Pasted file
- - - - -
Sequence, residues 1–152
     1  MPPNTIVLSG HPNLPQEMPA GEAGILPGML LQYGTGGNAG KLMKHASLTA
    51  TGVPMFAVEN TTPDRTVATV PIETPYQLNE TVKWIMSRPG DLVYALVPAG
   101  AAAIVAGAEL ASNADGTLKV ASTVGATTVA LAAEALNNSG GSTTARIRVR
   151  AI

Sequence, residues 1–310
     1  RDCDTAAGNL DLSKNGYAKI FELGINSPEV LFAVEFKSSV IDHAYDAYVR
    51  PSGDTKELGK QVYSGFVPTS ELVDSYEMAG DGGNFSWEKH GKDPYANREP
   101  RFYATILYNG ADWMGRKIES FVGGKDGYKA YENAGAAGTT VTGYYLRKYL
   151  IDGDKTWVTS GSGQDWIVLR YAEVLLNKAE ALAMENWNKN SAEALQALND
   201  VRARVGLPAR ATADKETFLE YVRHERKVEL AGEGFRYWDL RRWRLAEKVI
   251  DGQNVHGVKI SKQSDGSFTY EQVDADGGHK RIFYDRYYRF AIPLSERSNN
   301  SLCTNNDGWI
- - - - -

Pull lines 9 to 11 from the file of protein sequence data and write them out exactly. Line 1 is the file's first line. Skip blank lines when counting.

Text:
   101  RFYATILYNG ADWMGRKIES FVGGKDGYKA YENAGAAGTT VTGYYLRKYL
   151  IDGDKTWVTS GSGQDWIVLR YAEVLLNKAE ALAMENWNKN SAEALQALND
   201  VRARVGLPAR ATADKETFLE YVRHERKVEL AGEGFRYWDL RRWRLAEKVI